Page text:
Slow News Day in the Vampire World is a dub project from John and Tara Morand. On this tape for the Richmond Tape Club, they have a couple of guest appearances from friends, and the tracks are titled to signify whose track it is. There are five tracks on this C20, and each of them have the plodding bass drones you’d expect from a dub album.
The first side consists of two tracks, the first being “Stephen Funky.” It’s a repetitive song with huge bass, and there’s a buzzing element locked into that groove that works rather well as a noisy offshoot to the rather minimal textures. “Delia Dub” and “Bobby Dub” are short tracks that allow Slow News Day in the Vampire World to play with different sounds while keeping their initial beat intact, but the most apparent experiment is the final track “Animal Talk,” a mid-paced beat with echoing drum slaps and a swirling sample that sounds sourced from some vocal clip. There are more sonic changes in this song than any of the others combined thanks to the track’s vignettes. The sound continues to grow, the synths get more defined, and vocal samples echo along with eerie woodwind effects.
The result is a quiet and deliberate effect. Some of these tracks, the liner tells us, were used in an Irish horror film called Portrait of a Zombie, and they do sound like the plodding moments of a film that is slowly building to show us how zombies have taken over the world, as though we’re viewing it on top of a skyscraper and the horde stretches for miles. Some might find the slow progression of these tracks off-putting, however, and those who don’t like dub will probably not find anything here to change their minds.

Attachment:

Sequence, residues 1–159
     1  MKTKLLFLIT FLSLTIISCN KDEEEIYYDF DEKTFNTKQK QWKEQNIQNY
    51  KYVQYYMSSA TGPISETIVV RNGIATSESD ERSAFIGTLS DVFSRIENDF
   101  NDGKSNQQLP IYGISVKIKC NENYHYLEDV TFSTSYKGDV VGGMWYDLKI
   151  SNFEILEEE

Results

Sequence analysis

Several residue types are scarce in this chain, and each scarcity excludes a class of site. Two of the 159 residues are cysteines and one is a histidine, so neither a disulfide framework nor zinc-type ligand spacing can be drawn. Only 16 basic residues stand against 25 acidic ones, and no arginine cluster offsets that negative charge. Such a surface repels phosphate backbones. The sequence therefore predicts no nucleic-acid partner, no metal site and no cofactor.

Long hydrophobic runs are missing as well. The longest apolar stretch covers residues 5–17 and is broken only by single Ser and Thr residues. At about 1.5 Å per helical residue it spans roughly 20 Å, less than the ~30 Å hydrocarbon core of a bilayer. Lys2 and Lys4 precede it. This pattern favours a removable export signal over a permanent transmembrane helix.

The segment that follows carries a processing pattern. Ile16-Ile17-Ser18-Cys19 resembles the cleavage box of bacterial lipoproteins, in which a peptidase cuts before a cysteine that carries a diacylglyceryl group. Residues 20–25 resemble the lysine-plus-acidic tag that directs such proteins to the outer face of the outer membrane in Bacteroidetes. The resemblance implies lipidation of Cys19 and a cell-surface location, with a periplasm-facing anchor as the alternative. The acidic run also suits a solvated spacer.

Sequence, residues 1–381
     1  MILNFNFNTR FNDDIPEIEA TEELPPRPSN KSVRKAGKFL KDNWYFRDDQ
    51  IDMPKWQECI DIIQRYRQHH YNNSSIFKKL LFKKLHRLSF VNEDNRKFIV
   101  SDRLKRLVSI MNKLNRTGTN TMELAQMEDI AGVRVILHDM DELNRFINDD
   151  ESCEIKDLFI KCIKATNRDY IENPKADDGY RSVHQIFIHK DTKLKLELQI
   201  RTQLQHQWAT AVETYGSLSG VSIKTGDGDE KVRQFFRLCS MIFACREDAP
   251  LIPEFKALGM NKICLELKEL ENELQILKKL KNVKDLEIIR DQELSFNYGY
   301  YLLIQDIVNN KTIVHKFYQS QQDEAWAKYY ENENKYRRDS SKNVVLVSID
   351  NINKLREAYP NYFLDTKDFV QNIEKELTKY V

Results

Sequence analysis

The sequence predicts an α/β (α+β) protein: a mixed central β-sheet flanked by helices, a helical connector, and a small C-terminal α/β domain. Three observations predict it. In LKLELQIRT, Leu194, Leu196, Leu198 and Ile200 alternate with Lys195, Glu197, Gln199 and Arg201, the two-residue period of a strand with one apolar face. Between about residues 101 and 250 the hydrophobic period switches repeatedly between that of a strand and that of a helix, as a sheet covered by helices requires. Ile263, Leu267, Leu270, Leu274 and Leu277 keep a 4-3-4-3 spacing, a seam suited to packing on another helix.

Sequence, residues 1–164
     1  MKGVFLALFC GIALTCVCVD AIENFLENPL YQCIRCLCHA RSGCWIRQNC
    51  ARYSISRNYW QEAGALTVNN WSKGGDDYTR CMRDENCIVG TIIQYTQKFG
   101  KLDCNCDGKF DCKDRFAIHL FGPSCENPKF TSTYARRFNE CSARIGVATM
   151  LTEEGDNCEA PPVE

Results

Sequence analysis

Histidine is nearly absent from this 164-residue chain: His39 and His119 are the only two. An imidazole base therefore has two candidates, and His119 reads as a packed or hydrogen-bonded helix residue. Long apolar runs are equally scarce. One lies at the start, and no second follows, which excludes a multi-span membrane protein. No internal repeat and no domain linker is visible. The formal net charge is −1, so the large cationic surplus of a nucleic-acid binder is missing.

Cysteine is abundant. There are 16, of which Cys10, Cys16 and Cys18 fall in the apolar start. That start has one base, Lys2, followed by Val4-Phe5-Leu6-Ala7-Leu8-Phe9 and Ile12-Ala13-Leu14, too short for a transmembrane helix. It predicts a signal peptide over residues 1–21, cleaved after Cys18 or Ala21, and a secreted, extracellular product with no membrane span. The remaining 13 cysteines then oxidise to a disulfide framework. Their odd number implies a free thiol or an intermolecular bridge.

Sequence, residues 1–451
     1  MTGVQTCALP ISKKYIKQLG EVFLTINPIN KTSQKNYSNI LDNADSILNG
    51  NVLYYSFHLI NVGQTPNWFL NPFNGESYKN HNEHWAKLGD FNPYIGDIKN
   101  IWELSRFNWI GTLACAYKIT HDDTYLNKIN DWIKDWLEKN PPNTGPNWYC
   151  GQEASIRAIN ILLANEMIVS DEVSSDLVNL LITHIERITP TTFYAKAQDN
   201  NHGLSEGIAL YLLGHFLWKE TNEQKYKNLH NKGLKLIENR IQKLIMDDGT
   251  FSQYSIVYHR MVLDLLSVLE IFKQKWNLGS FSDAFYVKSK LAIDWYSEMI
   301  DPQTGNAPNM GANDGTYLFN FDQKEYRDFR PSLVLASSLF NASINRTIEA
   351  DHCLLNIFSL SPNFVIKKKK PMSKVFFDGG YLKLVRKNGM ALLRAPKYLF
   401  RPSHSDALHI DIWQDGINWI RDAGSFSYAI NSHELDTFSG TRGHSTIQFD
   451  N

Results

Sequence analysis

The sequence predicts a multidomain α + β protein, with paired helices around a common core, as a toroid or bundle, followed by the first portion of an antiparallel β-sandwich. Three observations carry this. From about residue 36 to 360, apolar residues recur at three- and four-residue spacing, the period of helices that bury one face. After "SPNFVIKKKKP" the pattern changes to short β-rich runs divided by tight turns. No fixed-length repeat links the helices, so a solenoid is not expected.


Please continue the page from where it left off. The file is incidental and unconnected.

The RIchmond Tape Club is a set of four cassettes, although for review purposes I will be doing each tape individually. It’s easier to cover and fairer for the artist. Volume 1 of the series features Negative Gemini, the dark synth/witch house project of Lindsey French. It features four tracks of synth-based textures along with drum machines and pedal-warped vocals.
Each side gets two songs, the longest being track one, “Negative Gemini.” The project itself tends to be rather melancholy, with the synths tuned to a colder, vibrating sound rather than any sort of resonance. The most striking feature of Negative Gemini is French’s vocals; most of the time, on the aforementioned track and also “Eulogy” and “Slit Show,” she uses pedals to give her voice a hushed, ghostly sound, even though she actually has a very pretty voice. The juxtaposition between the two highlights the “witch” part of witch house, but the emphasis on darker synth tones provides a haunting subtext to each track, even when the lyrics are difficult to understand.
On the tape’s final track, “Ghost World,” Negative Gemini branches out for more of an upbeat club mix: pounding bass and cymbal splashes mix with synths played in higher keys. French’s vocals are brighter and more vibrant; she doesn’t drape them in reverb or echo as much, and there’s an uplifting light about the song.
It shows that Negative Gemini can produce both brooding and lighthearted tracks. For the most part, Richmond Tape Club Vol. 1 is ethereal and eerily distant, but it can also be surprisingly beautiful when French decides to lighten things. It’s a great start to the series.